I find it's kind of like being a parent. What works for one family may not work for the next. Your data governance program will be a little bit different than others as it depends on the organization's culture, structure, priorities, etc. So everyone who has every attempted this has a story to tell of what worked well and what could be improved upon.
What is the biggest challenge you have ever faced in a Data Governance implementation?
I'd have to say it's ensuring we have resources to sustain what we have done. We have business stewards who are stewarding the data and that's not the issue. It's mostly around the effort required for the core team to sustain what we've built. We're finding that this is not a data governance problem though. It's an organizational one and it's typical in organizations that move from siloed project delivery to one that involves establishing enterprise processes that includes sustainability. We're building a solid plan and business case for our resource needs to confirm commitment but with many other corporate priorities underway I believe it will continue to be a challenge until information management becomes part of the strategic planning.
Is there a company or industry you would particularly like to help implement Data Governance for and why?
Wow. I have never thought of this. Good question. Now that I think about it I think it would be interesting to implement data governance for health organizations such as hospitals and health clinics. It's such a costly service with potential deadly consequences if the data quality is poor. I'm pretty sure that good data governance could identify many areas for cost savings and reducing diagnostic errors. Would be fascinating!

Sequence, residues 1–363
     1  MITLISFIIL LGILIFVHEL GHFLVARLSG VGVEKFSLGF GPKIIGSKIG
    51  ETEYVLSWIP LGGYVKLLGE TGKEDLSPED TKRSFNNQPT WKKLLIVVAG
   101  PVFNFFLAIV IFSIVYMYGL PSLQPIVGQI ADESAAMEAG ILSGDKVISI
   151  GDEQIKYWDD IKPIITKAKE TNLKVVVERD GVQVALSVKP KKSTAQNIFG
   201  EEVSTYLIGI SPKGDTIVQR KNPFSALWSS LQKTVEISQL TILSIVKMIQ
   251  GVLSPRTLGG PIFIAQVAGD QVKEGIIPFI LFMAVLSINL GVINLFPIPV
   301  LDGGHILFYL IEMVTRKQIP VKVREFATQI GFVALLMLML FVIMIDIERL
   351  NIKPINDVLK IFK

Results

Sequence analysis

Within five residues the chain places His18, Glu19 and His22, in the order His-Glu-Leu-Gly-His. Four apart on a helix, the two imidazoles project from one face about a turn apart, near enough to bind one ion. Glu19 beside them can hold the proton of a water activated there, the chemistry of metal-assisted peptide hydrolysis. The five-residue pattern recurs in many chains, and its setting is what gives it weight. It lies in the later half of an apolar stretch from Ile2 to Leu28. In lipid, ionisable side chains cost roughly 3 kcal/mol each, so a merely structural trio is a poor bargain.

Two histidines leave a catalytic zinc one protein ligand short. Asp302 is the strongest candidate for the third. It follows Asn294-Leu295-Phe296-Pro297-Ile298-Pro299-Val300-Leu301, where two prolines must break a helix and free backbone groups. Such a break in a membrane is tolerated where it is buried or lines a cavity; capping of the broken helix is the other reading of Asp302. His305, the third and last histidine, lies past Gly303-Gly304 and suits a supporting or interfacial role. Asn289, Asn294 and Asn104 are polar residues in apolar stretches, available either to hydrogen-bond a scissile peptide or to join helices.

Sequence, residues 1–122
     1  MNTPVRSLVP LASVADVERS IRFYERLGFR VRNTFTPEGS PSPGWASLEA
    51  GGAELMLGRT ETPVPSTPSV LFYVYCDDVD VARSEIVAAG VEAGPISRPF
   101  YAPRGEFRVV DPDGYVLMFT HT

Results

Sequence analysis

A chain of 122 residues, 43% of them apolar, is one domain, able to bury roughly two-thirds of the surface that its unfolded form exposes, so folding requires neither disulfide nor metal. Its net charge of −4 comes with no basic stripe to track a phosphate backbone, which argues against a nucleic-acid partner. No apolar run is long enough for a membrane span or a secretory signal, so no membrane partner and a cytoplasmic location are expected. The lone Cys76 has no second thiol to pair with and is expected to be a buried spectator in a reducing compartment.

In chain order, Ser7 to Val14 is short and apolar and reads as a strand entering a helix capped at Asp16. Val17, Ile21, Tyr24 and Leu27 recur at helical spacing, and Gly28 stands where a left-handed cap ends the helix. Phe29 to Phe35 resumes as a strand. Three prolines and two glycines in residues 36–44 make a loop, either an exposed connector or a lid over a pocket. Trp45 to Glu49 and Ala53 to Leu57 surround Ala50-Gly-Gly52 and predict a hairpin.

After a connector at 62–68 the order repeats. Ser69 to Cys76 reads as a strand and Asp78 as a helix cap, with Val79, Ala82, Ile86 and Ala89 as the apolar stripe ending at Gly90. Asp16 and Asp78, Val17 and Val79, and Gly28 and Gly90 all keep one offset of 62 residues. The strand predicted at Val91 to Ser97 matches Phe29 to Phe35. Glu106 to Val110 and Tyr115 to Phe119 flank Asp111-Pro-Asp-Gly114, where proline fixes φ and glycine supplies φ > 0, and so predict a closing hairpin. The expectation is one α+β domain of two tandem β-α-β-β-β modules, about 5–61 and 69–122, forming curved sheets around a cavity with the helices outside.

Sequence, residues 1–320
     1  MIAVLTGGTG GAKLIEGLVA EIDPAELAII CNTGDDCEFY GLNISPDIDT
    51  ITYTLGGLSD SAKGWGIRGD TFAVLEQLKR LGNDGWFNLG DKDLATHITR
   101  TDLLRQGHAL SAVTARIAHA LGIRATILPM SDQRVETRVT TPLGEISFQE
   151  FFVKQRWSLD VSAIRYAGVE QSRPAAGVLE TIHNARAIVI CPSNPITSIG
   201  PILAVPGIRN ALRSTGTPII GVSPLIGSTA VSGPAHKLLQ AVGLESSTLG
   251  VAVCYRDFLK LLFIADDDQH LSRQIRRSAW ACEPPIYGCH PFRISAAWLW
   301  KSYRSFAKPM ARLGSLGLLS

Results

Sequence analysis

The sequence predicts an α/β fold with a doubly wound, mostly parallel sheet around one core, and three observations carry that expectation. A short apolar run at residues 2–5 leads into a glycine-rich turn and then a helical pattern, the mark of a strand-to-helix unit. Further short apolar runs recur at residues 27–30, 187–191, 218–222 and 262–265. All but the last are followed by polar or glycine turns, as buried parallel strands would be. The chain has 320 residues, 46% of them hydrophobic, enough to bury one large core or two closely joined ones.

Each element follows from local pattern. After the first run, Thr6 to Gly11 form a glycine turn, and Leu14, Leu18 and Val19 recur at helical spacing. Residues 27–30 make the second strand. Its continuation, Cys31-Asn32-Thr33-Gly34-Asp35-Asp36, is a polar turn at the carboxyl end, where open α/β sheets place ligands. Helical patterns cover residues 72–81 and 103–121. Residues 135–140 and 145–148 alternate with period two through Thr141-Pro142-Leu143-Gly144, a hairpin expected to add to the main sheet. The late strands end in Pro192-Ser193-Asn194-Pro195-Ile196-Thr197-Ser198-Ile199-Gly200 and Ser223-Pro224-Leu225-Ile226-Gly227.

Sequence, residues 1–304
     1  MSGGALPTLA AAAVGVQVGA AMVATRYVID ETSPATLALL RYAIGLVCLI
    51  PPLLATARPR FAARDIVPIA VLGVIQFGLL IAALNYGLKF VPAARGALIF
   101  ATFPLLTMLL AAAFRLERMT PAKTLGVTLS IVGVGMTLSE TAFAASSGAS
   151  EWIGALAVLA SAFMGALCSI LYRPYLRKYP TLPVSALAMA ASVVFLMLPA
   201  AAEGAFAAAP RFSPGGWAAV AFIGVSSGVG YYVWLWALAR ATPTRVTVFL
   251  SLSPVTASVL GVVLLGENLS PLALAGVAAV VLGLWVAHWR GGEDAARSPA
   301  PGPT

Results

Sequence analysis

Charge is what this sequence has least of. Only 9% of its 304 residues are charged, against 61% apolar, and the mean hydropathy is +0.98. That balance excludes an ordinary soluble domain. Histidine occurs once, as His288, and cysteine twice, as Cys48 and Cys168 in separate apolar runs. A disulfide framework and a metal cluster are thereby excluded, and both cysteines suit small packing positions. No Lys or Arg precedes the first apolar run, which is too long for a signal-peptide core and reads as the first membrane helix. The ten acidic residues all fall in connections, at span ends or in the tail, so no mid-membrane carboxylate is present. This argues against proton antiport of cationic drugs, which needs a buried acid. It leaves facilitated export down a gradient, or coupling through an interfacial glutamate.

What single piece of advice would you give someone just starting out in Data Governance?
I have 2 pieces of advice ☺.
1/ Surround yourself with people who are like minded and see the value of what you are trying to achieve. There are people across the organization who have been doing data improvement work for years.
2/ don't talk about data governance for the sake of data governance. Nobody will get excited. Talk about achieving value and eliminating waste. Get a hold of your corporate objectives and identify the value data governance will bring using the corporate language. You will get leadership attention.
Finally I wondered if you could share a memorable data governance experience?
Great question! I have many memorable experiences but one that continues to haunt me (and I just tweeted it the other day) is an ongoing challenge.
Throughout the evolution of our program I am continuously dumbfounded by the very fact of having to point out that information is an organizational asset. We build out technology systems to house and report on information. We provide smart phones and laptops to manage our information. The world connects through sharing of information. We are digitizing everything and the internet connects information all over the world. Yet here we are fighting to get people to understand that information is a fundamental asset that we need to manage. We implement projects and information management is an afterthought. We redesign our processes yet we don't connect them to the information that supports or triggers them. If someone could explain to me why this is so I would be sure to sleep better at night lol.